U.S., Russia colluding against Canadian figure skaters?
Canadian Ice Dance pairs (L-R) Mitchell Islam, Alexandra Paul, Andrew Poje, Kaitlyn Weaver, Scott Moir and Tessa Virtue pose for a photo during a press conference on February 6, 2014, in Sochi. (AFP PHOTO / ANDREJ ISAKOVIC)
Figure skating is one of the most popular winter sports for a reason. What other sport features such a unique blend of artistry and athleticism?
On the other side, given the subjective nature of the judging, figure skating can also be infuriating and ripe for ridicule.
Few sports have spawned as many controversies as figure skating, and almost always because of shady judging. The International Skating Union has taken steps over the years to purge cheating from the judges' table, including setting up a points system where skaters get scored on specific elements. Sadly, the ugly side of figure skating has reared it's head again, though nothing illegal or nefarious has yet to be proven or confirmed. Still, a pall was cast over the Iceberg Skating Palace on Saturday with a report that the Russians and the United States have made a secret deal to prop each other up in the Olympic figure skating competition.
The French sports magazine L'Equipe quoted a anonymous "senior Russian coach" who claims the two nations have set up a proposed barter deal to prop each other up in the skating events here in Sochi. The reported deal would see the U.S. help Russia in the new team event while Russia would prop up Americans Meryl Davis and Charlie White in the ice dance event, to the detriment of defending Olympic ice dance champions Tessa Virtue and Scott Virtue of Canada. The Russians failed to win a gold medal in figure skating at the 2010 Vancouver Olympics and vowed to do much better at their home Olympics four years later, so there is tremendous pressure on the Russian skating federation to succeed in Sochi.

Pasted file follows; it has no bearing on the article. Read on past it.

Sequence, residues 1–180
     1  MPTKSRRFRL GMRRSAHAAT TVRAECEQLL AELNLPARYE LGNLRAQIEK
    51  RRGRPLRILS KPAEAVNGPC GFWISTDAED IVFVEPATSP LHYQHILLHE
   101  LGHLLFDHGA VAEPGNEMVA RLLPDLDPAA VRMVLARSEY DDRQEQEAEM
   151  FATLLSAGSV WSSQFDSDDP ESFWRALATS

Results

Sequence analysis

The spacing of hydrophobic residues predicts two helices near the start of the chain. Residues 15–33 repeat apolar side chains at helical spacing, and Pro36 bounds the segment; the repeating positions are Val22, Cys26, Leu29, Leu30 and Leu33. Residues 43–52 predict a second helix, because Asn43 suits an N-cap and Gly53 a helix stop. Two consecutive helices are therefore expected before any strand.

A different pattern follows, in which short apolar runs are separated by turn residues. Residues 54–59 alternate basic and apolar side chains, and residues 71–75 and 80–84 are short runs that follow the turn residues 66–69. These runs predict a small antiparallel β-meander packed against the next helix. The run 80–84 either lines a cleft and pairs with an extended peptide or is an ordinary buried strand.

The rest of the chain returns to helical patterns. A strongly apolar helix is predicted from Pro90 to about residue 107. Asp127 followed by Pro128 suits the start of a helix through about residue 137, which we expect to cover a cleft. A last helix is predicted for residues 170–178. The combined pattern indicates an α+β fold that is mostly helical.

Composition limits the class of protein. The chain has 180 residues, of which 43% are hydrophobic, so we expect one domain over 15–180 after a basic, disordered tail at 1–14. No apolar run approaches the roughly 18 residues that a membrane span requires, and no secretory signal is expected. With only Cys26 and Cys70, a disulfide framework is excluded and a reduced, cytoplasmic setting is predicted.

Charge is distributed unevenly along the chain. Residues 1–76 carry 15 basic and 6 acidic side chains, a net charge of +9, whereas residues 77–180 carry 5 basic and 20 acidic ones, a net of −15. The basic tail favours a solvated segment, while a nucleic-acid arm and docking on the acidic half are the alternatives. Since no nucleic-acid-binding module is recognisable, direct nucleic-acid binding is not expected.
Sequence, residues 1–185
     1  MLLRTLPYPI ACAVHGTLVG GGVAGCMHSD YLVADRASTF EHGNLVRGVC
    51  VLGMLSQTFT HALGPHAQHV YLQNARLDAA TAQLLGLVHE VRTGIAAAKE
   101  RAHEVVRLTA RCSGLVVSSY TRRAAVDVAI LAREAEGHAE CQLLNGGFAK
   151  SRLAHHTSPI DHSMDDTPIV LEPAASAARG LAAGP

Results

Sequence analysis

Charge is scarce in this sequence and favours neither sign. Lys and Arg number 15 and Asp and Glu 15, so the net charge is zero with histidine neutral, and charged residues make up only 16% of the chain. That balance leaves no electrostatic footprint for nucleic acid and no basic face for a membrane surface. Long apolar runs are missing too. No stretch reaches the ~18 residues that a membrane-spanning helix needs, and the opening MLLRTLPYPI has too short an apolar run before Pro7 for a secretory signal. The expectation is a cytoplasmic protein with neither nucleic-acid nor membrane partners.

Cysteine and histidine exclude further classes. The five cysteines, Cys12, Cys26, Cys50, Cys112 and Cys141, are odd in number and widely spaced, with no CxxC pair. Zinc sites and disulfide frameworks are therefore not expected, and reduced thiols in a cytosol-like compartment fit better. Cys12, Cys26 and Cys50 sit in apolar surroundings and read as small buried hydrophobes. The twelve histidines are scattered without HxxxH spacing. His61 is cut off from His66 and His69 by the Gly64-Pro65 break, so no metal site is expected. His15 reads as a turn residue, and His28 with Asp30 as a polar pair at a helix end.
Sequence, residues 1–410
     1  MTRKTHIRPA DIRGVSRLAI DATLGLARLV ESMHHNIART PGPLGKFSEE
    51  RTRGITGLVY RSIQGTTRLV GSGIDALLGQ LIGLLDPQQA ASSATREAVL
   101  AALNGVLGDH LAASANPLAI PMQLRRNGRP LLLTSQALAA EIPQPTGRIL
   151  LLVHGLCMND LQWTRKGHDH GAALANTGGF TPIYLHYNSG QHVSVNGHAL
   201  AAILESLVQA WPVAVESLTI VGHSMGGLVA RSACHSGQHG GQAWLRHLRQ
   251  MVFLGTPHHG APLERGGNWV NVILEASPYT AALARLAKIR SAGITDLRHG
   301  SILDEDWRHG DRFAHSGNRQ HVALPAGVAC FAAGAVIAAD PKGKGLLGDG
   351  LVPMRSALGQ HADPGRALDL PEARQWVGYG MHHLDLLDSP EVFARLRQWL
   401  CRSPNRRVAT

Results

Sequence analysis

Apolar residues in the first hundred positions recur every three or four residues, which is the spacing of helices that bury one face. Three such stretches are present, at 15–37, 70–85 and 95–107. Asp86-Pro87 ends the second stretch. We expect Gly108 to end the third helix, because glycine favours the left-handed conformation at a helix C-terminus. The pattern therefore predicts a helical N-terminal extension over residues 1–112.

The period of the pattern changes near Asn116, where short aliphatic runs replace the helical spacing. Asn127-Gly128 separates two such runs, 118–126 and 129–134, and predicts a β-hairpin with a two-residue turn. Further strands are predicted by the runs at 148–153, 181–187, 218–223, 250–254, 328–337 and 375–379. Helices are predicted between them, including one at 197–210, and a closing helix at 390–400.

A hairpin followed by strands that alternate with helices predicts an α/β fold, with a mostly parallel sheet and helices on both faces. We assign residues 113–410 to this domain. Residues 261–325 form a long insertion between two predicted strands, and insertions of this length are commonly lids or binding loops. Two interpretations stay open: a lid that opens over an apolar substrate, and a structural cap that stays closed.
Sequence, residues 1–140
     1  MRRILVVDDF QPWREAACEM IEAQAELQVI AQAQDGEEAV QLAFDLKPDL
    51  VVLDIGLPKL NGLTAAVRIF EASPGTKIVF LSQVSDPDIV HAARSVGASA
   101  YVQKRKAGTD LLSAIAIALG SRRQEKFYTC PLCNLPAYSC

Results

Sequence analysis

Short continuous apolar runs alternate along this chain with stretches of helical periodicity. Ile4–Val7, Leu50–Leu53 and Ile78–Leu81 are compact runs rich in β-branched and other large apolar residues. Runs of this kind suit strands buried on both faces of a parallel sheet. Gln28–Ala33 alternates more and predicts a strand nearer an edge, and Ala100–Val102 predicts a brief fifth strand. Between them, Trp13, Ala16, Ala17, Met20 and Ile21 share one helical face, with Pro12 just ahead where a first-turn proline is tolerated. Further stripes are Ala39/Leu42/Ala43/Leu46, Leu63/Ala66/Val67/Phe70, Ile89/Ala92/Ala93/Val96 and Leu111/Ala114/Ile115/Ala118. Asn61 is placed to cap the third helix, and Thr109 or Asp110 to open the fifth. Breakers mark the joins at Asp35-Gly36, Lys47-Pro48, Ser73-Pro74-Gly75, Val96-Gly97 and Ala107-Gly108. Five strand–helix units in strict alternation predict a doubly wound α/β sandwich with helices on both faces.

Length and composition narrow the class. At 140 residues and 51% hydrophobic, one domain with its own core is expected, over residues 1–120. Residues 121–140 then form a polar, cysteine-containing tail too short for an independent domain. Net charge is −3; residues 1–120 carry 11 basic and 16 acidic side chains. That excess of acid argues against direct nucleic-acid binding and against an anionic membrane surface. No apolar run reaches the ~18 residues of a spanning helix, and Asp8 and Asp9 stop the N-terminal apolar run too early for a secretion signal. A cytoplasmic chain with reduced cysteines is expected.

When asked for their reaction on the report of a so-called deal, Virtue and Moir were nonchalant and insisted that they weren't worried about being cheated.
"That's sort of out of our control," said Virtue. "It's part of being in a judged sport. There's not much you can do about that.
"Being Canadians, we lived through the Sale and Pelletier (scandal) but the beautiful thing, as an athlete, it's not of our concern," added Moir. "When we sit in the Kiss&Cry and get the marks, the disappointment on our faces is because of our performance and it has nothing to do with the technical panel or the judges.
"We're here for our moment," he added. "And our moment is what Tess and I make on the ice. Our goal is to just to go out there and kind of make a tribute to our career and the training that we've done this year. And make all Canadians and figure skating fans proud."
Virtue and Moir finished second in the team short program to Davis and White on Saturday afternoon but that was due to a number of mistakes in their twizzles not questionable scoring.
Skate Canada high performance director Michael Slipchuk was not overly concerned about the judging story either and doesn't believe there is a fix.
"We were made aware of the article from L'Equipe today and we feel it is best not to comment on it," said Slipchuk. "Canada is confident that the results of competition will be determined where they should be, on the ice."
Comments from figure skating officials over an alleged deal were few and far between on Saturday. The International Skating Union prohibits judges from speaking to the media during events.
This latest figure skating controversy smacks of controversies in the past, particularly the 2002 Salt Lake City scandal, when French ice dance judge Marie-Reine Le Gougne was accused of propping up the Russian duo of Yelena Berezhnaya and Anton Sikharulidze ahead of Canadians Jamie Sale and David Pelletier. Even though the Russians were originally awarded the gold medal, the Canadians were later awarded gold medals of their own after an investigation.
Do you believe the allegations?